Why Jordanian comic book author Suleiman Bakhit was a true Arab superhero

The artist fought against extremism with his comics, hoping to give young people in the Middle East more worthy heroes to look up to

Jordanian comic book author Suleiman Bakhit died on Wednesday after battling cancer. 
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Jordanian comic book author Suleiman Bakhit, whose work created superheroes inspired by ancient Arabic mythology to counter extremist ideologies, has died following a long battle with cancer.

Bakhit, who was known for his dedication to promoting heroism through comic book characters as an antidote to extremism, passed away while undergoing medical treatment in Spain.

Son of former Jordanian prime minister Marouf al-Bakhit, the social entrepreneur managed to carve out his own path to success. Despite having no experience in the comic world and never considering himself to be artistically gifted, Bakhit taught himself how to draw and to tell stories in the hope of bridging cultural divides while also confronting discrimination faced by women and girls.

His aim was to tackle what he described as 'the biggest threat today – terrorism disguised as heroism', by creating stories and heroes that promote tolerance

In 2006, with the help of a team of writers and artists, he launched comic book company Aranim Media Factory – a name derived from the combination of ‘Arab’ and ‘anime’.

During a speech at the 2014 Oslo Freedom Forum, Bakhit explained that he felt compelled to act after being the target of racially motivated violence while studying in the US following the 9/11 attacks. He began visiting local schools to spread the message that "not all Middle Easterners are terrorists, and Al Qaeda is like the KKK".

“A six-year-old girl stands up and she says ‘Is there an Arabic Barbie?’ and the boys go crazy. ‘Is there an Arab superman, an Arab Batman?', they asked. And I was like, ‘no there isn’t’,” he told the audience. “I couldn’t get the idea out of my head, so I started teaching myself how to draw, started working with other people creating stories and characters, to try and answer that question.”

It was this moment that sparked two years of research into Middle Eastern mythologies and Arab culture for Bakhit, eventually leading to him quitting his Masters programme in human resource development at the University of Minnesota, and returning to Jordan to launch his comic business. His aim was to tackle what he described as “the biggest threat today – terrorism disguised as heroism”, by creating stories and heroes that promote tolerance. In 2010, he sold 1.2 million comics.

“Narratives give us a compelling sense of purpose, it drives our actions, it drives our future actions,” he said during his forum address. “Similarly, with extremist groups it tells us a lot about their members; where they come from, where they’re heading what their goals, objectives [are], even tactics.”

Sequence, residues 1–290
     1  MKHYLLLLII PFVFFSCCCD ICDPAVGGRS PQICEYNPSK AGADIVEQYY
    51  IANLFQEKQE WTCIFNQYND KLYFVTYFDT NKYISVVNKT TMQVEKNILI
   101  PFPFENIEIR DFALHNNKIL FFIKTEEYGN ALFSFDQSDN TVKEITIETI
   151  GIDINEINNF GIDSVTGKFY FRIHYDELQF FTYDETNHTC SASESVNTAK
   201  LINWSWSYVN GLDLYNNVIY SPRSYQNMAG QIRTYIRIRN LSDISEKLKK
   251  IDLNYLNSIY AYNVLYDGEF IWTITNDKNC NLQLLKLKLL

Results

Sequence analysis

Bakhit committed himself to understanding extremism by working with children both in Jordan’s capital Amman and in Syrian refugee camps. Through these conversations he was able to learn about the perceptions some of these young people had of themselves and the West – most notably the idea fed by extremism propaganda that the West is at war with Islam.

When Bakhit asked some of the children who they considered to be their heroes, they named Osama Bin Laden and Jordanian jihadist Abu Musab al-Zarqawi, citing reasons such as the fact “they defend us against the West because the West is out there to kill us”. Bahkit described this as “the terrorist narrative and Propaganda 101”.

"Isis portrays terrorism as a heroic journey," he said during an interview with Al-sharq Al-awsat newspaper. "The most dangerous thing facing the Middle East is the terrorism that is hidden behind the mask of heroism."

Bakhit’s response was to provide the children with comic books for free and when he met them again a few months later, he found extremist leaders had been knocked from a pedestal in the eyes of the children and replaced instead by comic book characters.

Bakhit also created cartoons aimed at empowering women including Section 9 – a story based on the active, all-female counter-terrorism unit in Jordan. It was a deliberate attempt to challenge misogynistic attitudes faced by many women around the globe.

He also created computer games. In a 2014 interview, he identified one of his favourite characters as Element Zero – featured in one of his first social games – describing him as a special agent who fights local terrorism and as an Arabic spin on the likes of Jason Bourne or fictional counterterrorism agent in 24, Jack Bauer.

Suleiman Bakhit was attacked by extremists, leaving him with a scar down his face.

His endeavour certainly led to a few challenges along the way. After a few thousand comic books were published and his message began to gain traction, he was attacked with a razor blade by extremists in Jordan, leaving him with a scar down the left side of his face. His belief was that it was a sign he was doing something right.

Suleiman Bakhit (L) discusses on his games paints with (from L to R): Afif Toukan, Mohammad Haj Hasan, Muhannad Ebwini, Suhaib Thiab and Nour Khrais, at his office in Amman, Jordan on June 08, 2010. (Salah Malkawi for The National)

Holding up a comic book at the end of his Oslo Freedom Forum speech, he referred to it as “a weapon that does not kill”.

“A weapon of hope, a weapon of inspiration, it’s a weapon of heroes.”

Heartfelt messages have been posted across social media this week, describing Bakhit himself as a superhero. The Human Rights Foundation tweeted: "Today, the @HRF/@OsloFF community mourns the passing of Suleiman Bakhit, an extraordinary artist, poet, and activist. He created comics to counter extremism. But really, Suleiman was a superhero. Rest in Peace."